Thursday, December 21, 2000

Two stores accused of obscenity


Charges involve five videotapes

By Dan Horn
The Cincinnati Enquirer

        Hamilton County authorities launched a new battle over pornography Wednesday when they accused two Cincinnati stores of peddling obscene videotapes.

        The owners of Tip Top Magazines in Corryville and Elyse's Passion in Pendleton each face up to three years in prison if they are convicted of pandering obscenity.

        The obscenity charges are the first against a Cincinnati business since Hustler publisher Larry Flynt agreed last year to stop selling sexually explicit videos at his downtown store.

COURT TEST
    The U.S. Supreme Court has established a three-part test that guides jurors as they determine whether material violates community standards for obscenity. The test asks jurors to decide:
    • Whether the average person would conclude the material appeals to prurient interests.
    • Whether the material depicts, in a patently offensive way, sexual conduct that is offensive to community standards.
    • Whether the material, taken as a whole, lacks serious artistic, literary, scientific or social value.
        The charges involve five videotapes sold at the stores, including one tape that was labeled obscene as part of the plea bargain that ended Mr. Flynt's case.

        Prosecutor Mike Allen said the charges reflect Hamilton County's long tradition of opposing the sale of sexually explicit material, especially pornographic videos.

        “Hamilton County maintains a tradition of keeping our communi ty a place where people are proud to raise their families,” Mr. Allen said Wednesday. “With the indictments today, we continue that tradition.”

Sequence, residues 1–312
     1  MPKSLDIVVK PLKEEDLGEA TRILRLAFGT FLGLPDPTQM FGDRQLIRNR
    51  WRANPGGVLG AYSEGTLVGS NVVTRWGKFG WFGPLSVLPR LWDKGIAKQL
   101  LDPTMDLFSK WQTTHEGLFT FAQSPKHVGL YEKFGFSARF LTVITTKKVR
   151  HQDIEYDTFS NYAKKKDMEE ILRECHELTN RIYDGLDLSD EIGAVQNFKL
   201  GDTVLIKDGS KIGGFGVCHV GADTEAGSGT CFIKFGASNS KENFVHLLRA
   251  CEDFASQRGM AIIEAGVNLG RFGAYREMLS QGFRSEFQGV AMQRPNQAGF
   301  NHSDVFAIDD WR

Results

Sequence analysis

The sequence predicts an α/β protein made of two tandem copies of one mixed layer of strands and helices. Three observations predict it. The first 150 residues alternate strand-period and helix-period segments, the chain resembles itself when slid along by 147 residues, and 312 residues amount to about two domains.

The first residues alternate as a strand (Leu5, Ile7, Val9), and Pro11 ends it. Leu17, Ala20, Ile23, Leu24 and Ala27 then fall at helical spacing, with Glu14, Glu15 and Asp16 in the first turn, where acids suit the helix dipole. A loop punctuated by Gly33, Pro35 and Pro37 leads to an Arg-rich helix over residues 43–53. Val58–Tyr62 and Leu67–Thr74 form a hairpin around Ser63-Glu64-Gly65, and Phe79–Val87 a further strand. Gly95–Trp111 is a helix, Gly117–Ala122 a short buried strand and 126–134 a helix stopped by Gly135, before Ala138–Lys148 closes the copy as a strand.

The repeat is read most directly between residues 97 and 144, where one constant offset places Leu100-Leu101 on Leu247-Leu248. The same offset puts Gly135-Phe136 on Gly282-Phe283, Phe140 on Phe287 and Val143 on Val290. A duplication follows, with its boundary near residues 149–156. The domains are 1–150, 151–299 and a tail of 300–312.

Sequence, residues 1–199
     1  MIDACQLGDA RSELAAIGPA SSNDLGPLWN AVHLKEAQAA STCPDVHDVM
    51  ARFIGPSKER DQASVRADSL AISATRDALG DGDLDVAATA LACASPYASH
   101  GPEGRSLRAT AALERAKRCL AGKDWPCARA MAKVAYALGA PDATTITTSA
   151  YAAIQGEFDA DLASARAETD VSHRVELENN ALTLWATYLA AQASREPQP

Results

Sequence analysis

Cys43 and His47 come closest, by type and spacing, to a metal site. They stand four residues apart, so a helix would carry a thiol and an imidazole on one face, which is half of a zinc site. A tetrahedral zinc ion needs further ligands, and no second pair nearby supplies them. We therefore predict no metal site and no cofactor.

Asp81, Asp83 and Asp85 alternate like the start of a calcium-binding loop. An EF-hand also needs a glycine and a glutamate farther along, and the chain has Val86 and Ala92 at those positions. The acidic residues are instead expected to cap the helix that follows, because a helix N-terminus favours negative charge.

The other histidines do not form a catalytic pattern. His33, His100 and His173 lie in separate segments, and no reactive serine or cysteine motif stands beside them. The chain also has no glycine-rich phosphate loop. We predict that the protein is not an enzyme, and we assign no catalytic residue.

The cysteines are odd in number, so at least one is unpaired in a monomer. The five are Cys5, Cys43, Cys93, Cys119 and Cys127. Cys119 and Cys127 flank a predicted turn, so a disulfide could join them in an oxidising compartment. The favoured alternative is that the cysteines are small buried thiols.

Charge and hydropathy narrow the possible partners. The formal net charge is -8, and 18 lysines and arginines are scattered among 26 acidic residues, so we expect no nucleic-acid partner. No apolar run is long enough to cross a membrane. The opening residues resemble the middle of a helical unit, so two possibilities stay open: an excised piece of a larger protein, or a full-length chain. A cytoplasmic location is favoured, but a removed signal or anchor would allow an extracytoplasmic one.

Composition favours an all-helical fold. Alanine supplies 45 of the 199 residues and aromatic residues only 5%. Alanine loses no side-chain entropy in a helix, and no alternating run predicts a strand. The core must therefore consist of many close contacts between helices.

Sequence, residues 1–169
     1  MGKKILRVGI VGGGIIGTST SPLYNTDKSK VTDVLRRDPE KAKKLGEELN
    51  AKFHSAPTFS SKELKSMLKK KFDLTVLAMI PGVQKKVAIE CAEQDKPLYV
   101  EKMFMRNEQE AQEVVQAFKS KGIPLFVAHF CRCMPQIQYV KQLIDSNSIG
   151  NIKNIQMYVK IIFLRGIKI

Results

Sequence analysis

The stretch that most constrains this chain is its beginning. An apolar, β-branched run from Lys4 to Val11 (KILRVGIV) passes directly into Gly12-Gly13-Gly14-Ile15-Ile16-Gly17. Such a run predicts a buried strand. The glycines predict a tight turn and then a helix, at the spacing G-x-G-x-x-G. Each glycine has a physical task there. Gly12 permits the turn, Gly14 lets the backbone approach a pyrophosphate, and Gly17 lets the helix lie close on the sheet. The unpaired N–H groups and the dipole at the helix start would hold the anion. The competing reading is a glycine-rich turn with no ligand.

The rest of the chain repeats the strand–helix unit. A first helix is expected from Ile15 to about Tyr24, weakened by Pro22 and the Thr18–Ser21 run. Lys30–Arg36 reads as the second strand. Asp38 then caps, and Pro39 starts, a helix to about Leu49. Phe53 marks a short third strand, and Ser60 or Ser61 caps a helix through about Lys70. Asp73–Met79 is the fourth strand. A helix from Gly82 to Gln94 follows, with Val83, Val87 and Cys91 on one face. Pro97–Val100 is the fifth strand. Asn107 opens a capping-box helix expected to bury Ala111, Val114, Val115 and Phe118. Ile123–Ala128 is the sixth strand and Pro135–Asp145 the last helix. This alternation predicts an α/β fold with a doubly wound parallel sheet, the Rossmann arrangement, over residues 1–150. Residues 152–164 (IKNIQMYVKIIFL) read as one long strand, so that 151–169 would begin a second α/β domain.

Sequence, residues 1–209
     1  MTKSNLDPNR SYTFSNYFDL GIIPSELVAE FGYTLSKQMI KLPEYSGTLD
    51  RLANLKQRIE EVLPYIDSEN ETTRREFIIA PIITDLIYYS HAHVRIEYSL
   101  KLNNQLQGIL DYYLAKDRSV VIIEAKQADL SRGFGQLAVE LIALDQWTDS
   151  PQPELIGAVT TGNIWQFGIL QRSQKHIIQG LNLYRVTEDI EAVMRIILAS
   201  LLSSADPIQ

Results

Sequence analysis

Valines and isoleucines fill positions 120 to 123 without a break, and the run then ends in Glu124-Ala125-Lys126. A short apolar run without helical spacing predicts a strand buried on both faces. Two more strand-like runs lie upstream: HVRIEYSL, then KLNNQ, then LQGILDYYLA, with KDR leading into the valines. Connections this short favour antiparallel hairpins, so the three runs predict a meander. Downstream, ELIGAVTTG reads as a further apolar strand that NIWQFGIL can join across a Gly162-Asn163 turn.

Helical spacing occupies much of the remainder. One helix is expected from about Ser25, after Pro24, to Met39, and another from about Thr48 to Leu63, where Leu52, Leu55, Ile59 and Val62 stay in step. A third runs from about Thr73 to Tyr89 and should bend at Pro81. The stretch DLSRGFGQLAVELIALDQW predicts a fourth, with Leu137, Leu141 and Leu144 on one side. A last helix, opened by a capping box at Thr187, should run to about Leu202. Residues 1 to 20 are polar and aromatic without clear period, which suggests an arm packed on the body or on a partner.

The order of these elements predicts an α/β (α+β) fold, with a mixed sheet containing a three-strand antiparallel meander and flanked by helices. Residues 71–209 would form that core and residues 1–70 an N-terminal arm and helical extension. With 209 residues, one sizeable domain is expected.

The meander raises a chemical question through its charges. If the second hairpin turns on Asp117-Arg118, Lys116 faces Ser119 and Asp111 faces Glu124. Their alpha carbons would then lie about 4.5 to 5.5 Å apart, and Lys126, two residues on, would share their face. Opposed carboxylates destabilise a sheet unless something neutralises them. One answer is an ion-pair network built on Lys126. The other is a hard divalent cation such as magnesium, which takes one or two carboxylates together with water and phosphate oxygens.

The store owners said the charges show that county authorities are intolerant of free speech.

        “Repression's ugly head has reared again,” said Elyse Metcalf, owner of Elyse's Passion on Sycamore Street. “I think it's a problem in America today, most markedly so in Hamilton County.”

        Ms. Metcalf's store became the focus of controversy in October when she moved her business from Northside to Pendleton, less than a block from the School for the Creative and Performing Arts.

        Joseph Neuhaus, owner of Tip Top, said he will fight the charges in court.

        “I'm doing totally nothing wrong,” Mr. Neuhaus said. “I'll stand up for my rights.”

        The videos named in the indictment are Air Tight Granny, Planet Max 5, Jeff Stryker's Underground, Kitty Foxx's Aged to Perfection Vol. 15 and Gangland17.

        The store owners said some of the videos feature older performers while others are more traditional pornographic tapes. Jeff Stryker's Underground, a gay-oriented video, also was named in the Flynt case.

        The stores' attorney, H. Louis Sirkin, said he was disappointed prosecutors decided to seek charges. He also said his clients suspect that someone close to authorities may have tricked them into carrying the Stryker video.

        Both store owners said they carried the video only because a customer made a “special request.”

        Mr. Allen said he knows of no such request made by anyone associated with the investigation, which was conducted by Cincinnati police and the Hamilton County Sheriff's Office.

        Mr. Sirkin said prosecutors cannot argue the Stryker video is obscene simply because it was part of the Flynt plea bargain. “They can't use it against these two people,” he said. “They weren't involved with the Flynt case.”

        The Flynt case ended in May 1999 after the Hustler News & Gifts corporation pleaded guilty to two counts of pandering obscenity. Mr. Flynt did not plead to any charge himself but did agree to stop selling explicit videos in Hamilton County.

       



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